European Maritime Day (EMD) is the annual EU meeting point on maritime affairs and a sustainable blue economy, and targets maritime professionals, entrepreneurs and ocean leaders.

This year’s conference will also be held back-to-back with SeaFest, Ireland’s largest free family-friendly maritime festival.

As such, EMD is an ideal place for maritime stakeholders to showcase innovative ideas, products and services related to the conference themes, as well as to meet, exchange experiences and discuss the latest developments on blue economy.

Get more information from the EMD website, and apply for a stand at the EMD Expo HERE.

Published in Cork Harbour

The deadline for applications to make your event a part of European Maritime Day celebrations this year is next Friday 31 January.

In 2019, a total of 145 events were organised across 23 countries under the ‘EMD In My Country’ banner, with activities from beach cleaning to guided port tours, workshops and conferences, exhibitions on maritime themes, eco-tours, boat excursions and much more.

As previously reported on Afloat.ie, for 2020 the focus will be on youth activities, and young ocean activists and youth organisations working for he promotion of sustainable oceans are encouraged to apply.

Events for EMD In My Country will take place between April and June this year — in parallel with the European Maritime Day Conference in Cork on 14-15 May — and submissions are open until Friday 31 January. For more details visit the EMD website HERE.

Published in Maritime Festivals

Applications are now open to submit your event to be part of European Maritime Day celebrations next year.

In 2019, a total of 145 events were organised across 23 countries under the ‘EMD In My Country’ banner, with activities from beach cleaning to guided port tours, workshops and conferences, exhibitions on maritime themes, eco-tours, boat excursions and much more.

For next year, the focus will be on youth activities, and young ocean activists and youth organisations working for he promotion of sustainable oceans are encouraged to apply.

Events for EMD In My Country will take place between April and June 2020 — in parallel with the European Maritime Day Conference in Cork on 14-15 May — and submissions are open until Friday 31 January. For more details visit the EMD website HERE.

Published in Maritime Festivals

Chief executive Dr Peter Heffernan is representing the Marine Institute at European Maritime Day 2019 in Lisbon, Portugal this week.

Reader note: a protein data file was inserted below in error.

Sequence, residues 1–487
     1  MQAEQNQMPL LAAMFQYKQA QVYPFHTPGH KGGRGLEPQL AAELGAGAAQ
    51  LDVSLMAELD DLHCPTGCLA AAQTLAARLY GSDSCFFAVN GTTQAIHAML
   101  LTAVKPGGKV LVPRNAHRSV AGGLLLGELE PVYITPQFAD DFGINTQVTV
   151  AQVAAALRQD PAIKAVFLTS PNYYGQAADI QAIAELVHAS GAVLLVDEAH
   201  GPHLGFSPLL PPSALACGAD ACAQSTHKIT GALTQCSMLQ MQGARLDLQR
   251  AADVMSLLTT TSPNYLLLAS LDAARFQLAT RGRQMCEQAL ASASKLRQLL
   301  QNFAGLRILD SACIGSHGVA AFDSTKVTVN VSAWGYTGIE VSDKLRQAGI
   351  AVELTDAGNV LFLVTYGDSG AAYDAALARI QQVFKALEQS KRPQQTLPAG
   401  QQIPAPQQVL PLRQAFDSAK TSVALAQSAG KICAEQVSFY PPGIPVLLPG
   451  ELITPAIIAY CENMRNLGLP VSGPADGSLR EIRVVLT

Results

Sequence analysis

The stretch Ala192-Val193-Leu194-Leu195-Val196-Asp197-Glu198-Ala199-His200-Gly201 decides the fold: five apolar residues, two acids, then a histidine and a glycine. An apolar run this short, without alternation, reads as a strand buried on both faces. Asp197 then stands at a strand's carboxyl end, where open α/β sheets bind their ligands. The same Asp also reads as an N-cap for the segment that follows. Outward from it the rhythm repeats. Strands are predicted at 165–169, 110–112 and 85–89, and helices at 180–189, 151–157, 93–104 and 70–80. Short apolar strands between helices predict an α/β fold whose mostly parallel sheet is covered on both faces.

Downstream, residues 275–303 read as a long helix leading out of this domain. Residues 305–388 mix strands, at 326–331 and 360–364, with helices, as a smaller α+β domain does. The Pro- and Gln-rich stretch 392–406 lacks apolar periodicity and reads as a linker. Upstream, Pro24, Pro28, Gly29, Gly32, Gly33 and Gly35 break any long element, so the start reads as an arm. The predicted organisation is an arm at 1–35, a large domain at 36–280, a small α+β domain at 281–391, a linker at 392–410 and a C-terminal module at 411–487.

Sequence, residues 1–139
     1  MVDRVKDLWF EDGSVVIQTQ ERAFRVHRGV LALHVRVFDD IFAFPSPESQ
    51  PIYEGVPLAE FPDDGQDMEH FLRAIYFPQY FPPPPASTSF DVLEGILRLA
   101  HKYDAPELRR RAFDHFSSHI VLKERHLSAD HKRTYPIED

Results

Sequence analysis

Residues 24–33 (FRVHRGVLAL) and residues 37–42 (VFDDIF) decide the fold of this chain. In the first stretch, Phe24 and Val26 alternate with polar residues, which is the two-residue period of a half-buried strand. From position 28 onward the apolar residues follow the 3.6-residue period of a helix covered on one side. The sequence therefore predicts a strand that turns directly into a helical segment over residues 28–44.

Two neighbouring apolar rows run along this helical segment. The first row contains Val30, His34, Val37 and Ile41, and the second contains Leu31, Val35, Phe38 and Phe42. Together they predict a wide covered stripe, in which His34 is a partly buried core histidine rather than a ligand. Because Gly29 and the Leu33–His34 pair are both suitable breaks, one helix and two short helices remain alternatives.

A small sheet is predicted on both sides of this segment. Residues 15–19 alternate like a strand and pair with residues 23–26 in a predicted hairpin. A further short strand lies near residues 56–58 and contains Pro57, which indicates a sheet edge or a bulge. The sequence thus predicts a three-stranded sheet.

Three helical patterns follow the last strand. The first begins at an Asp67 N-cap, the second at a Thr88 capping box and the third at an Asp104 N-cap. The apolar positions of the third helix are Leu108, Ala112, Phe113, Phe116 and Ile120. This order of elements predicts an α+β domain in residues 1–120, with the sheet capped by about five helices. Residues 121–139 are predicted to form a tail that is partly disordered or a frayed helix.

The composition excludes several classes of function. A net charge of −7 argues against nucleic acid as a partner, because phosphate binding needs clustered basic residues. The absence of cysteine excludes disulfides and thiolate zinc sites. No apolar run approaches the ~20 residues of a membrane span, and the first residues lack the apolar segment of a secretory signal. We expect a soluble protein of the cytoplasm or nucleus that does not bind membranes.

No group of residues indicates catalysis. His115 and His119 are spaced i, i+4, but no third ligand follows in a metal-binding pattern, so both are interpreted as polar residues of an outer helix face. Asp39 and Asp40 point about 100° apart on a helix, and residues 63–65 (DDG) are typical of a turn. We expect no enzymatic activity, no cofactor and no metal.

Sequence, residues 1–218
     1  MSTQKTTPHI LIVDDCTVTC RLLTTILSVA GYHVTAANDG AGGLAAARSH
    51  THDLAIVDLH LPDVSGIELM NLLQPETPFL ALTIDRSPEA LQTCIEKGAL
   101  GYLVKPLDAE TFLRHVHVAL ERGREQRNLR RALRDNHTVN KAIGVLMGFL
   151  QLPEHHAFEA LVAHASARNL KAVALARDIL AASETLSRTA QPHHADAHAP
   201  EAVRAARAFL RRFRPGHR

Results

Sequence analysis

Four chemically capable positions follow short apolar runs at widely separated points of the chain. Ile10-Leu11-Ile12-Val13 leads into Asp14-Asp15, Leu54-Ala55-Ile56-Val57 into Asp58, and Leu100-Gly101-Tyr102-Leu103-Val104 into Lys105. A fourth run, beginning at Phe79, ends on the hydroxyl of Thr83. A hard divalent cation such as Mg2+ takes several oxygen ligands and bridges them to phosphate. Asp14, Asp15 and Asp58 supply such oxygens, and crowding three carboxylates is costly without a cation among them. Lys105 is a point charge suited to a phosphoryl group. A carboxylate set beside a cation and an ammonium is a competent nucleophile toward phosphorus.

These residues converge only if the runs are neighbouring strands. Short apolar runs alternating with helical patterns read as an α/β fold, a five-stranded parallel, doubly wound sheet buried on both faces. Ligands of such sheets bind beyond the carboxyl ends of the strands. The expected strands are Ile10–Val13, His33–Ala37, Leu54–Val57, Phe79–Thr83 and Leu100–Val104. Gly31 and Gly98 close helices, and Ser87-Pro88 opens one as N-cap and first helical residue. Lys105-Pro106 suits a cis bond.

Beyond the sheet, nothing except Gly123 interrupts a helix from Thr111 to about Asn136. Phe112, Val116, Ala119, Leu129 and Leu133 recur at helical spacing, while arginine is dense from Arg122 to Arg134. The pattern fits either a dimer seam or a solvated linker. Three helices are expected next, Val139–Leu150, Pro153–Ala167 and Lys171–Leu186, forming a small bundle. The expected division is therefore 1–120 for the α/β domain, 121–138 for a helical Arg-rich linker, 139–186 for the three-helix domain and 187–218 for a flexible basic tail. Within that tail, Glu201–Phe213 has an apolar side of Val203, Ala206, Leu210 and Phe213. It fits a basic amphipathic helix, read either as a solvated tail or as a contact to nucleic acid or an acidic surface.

Concluding today, Friday 17 May, European Maritime Day is one of the largest marine science and policy meetings of the year.

The 2019 programme focuses on blue entrepreneurship, research, innovation and investment to transform traditional maritime sectors and boost emerging technologies.

Dr Heffernan said the Marine Institute “plays a crucial role in supporting, co-ordinating and promoting marine research at a national and international level.

“By working alongside academic institutions in Ireland, and participating in and leading research partnerships, the institute is able to increase our knowledge of the ocean which will assist in the sustainable management and development of our marine resource.”

The Galway Statement, signed at the Marine Institute in 2013, provided the first step in forming the Atlantic Ocean Research Alliance (AORA) between the European Union, Canada and the United States of America.

AORA aims to promote a healthier Atlantic Ocean, find more sustainable ways to use its resources and increase people’s awareness and literacy surrounding the ocean.

“AORA is science diplomacy at work,” Dr Heffernan said. “Transatlantic cooperation has been instrumental to the success of AORA and creating a strong Atlantic community.

“Within five years, scientific research teams working together in the Atlantic have unearthed new discoveries and knowledge in the areas of seabed mapping, ocean observation, climate and polar research, and marine biotechnology.”

European Maritime Day encourages a ‘blue economy revolution’ to deliver economic growth in the maritime sector and expand employment opportunity.

The programme covers almost all aspects of marine science, technology and policy, and encourages participants to engage with partners from the EU community to exchange information.

The 2020 European Maritime Day annual meeting will be hosted by Cork City Council, which will mark the first time Ireland has hosted the event.

Published in Marine Science